Headquartered in Sunnyvale, California, Juniper has been a leading player in the tech space since 1996, when the company introduced its revolutionary M40 router.
“In the mid-90s, the tech landscape included one incumbent network vendor trying to be all things to all people,” Scott said. “IP protocol was taking off, but this vendor was still heavily invested in legacy network protocols. Juniper made a big bet early on that a purpose-built IP platform would be useful to the market.”
The bet paid off — with a high volume of early sales going to telecom and backbone service providers building large-scale IP networks. The innovations continued, and by 1998, the company developed an unveiled Junos OS, a single operating system that is now used across the entire Juniper product line to streamline its offerings.
“From day one, we were purpose-built, and from day one, we were automated,” Scott said. “Instead of designing something proprietary that would only be appropriate for a given box, we chose a lot of open source and off-the-shelf tools under a FreeBSD license.”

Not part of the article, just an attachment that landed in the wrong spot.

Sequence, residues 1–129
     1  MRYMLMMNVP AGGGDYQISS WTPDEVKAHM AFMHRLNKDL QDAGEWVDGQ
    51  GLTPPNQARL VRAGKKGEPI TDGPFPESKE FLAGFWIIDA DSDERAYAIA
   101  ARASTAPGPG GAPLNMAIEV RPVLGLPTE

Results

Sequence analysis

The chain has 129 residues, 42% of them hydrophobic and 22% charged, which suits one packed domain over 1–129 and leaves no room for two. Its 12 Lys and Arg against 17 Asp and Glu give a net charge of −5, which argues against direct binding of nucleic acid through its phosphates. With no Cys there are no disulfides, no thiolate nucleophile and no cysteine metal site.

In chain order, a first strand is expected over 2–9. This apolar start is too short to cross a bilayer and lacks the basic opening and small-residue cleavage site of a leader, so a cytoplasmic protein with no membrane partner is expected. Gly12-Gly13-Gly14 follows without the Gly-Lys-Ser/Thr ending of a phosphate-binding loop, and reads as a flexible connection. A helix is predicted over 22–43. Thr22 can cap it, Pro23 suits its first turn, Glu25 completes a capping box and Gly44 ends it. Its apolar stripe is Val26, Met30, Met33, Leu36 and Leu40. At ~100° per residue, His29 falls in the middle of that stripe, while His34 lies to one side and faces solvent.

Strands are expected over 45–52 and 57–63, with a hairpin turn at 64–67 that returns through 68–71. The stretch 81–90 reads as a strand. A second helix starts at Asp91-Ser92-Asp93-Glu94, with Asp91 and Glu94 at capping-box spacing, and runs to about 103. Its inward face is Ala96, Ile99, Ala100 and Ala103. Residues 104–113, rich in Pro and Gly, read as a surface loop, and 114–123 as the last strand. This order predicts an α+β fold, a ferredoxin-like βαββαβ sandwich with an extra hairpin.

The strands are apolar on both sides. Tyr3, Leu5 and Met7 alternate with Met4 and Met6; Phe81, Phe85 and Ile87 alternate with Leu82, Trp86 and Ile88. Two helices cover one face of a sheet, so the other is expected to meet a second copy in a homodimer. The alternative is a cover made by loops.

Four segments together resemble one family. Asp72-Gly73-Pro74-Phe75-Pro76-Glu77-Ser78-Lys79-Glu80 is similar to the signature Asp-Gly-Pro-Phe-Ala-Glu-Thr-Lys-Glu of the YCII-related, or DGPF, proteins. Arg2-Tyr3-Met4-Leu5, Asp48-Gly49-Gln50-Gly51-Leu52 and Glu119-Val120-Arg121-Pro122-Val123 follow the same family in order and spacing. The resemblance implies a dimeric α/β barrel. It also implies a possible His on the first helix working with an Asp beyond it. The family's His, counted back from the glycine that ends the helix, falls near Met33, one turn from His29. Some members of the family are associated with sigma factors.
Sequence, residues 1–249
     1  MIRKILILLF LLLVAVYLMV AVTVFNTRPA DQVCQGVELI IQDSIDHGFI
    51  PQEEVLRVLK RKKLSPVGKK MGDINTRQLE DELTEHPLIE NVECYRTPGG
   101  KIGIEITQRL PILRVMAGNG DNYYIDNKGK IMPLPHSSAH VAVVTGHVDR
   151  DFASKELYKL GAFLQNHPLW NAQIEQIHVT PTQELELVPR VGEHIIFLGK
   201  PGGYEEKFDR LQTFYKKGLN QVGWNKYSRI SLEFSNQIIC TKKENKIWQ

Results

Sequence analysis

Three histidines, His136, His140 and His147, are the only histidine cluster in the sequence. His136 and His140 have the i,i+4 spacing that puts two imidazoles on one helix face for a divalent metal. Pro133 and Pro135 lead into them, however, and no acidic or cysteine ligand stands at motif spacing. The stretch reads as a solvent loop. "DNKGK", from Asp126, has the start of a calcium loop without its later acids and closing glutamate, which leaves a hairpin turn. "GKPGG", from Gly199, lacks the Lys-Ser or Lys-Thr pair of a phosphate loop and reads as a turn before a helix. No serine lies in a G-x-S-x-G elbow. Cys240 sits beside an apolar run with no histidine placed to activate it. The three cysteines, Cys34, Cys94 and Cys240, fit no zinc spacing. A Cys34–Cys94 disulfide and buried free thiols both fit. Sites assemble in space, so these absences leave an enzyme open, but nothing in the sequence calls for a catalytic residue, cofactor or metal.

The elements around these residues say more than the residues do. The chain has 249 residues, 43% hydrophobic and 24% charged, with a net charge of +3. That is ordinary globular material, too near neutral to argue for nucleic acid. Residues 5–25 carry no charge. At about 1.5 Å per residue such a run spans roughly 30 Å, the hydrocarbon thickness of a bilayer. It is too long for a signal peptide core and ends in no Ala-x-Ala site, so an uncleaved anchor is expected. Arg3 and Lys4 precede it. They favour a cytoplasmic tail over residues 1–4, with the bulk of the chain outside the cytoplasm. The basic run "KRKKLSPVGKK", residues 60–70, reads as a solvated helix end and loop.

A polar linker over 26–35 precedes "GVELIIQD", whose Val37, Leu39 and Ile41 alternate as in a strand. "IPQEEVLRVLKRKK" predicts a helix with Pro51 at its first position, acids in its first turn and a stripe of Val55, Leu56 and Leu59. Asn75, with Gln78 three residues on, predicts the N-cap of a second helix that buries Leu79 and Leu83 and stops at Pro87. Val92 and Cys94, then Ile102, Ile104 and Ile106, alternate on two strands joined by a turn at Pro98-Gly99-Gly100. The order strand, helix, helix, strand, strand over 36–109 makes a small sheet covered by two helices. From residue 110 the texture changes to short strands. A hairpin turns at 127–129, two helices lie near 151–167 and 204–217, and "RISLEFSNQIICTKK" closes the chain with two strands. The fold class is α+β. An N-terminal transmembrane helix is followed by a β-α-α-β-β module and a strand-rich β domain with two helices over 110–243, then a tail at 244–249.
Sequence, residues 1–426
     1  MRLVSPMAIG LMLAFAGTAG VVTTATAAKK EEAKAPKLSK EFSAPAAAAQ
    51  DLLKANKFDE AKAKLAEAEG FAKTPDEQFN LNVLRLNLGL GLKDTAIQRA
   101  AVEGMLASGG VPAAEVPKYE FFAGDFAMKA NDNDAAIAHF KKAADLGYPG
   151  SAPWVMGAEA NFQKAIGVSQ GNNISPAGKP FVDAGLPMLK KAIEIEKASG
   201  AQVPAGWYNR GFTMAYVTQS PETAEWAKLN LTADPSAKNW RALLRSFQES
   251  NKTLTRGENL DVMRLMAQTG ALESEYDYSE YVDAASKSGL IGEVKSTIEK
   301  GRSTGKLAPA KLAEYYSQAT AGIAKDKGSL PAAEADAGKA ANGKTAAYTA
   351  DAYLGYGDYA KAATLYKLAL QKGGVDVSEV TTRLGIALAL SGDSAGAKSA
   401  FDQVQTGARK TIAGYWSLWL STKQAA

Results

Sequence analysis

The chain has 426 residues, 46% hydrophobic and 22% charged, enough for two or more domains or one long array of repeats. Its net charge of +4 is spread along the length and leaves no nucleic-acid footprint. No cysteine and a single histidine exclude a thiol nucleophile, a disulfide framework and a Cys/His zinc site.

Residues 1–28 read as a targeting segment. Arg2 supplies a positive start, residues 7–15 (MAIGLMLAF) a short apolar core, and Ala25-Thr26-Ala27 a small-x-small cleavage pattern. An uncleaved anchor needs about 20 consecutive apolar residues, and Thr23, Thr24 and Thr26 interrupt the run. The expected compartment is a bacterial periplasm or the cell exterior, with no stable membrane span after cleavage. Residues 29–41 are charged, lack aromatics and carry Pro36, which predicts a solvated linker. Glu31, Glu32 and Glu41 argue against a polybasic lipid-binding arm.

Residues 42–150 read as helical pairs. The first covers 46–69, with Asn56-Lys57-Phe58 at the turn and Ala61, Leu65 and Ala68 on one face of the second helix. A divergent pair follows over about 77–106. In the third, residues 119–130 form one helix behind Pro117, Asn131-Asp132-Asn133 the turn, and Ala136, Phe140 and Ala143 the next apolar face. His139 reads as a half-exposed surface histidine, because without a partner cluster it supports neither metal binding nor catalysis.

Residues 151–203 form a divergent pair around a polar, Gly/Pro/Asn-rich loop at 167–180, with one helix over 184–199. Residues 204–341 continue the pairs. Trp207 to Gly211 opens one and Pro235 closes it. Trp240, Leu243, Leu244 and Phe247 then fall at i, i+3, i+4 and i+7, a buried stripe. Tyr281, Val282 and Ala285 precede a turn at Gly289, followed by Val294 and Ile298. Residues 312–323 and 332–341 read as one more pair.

Scott said that as the operating system was designed so that network engineers could interact with it via a command-line interface (CLI), but also so that operators could automate their platforms as they scale. “The entire CLI is built around this structure, modeled language that lent itself to automation,” he said.
By 2004, the company had grown enough to acquire NetScreen Technologies, a provider of network security and access products.
“That gave us a route into the firewall and enterprise spaces, and in the mid-2000s, we expanded the portfolio beyond routing and firewalls into the switching arena,” Scott said. “But along the way, at our core, we’ve always been purpose-built and focused on automation and simplicity of operations.”
Enabling Digital Transformation with a Multicloud Solution Set
Over the years, Juniper evolved into a $4.6 billion company with nearly 10,000 employees and 117 offices in 47 countries.
Today, Scott said the company continues to focus on automation and simplicity when driving digital transformation. Now, its strategy includes helping customers gain agility across their cloud infrastructure as they adopt more cloud services in various shapes and forms.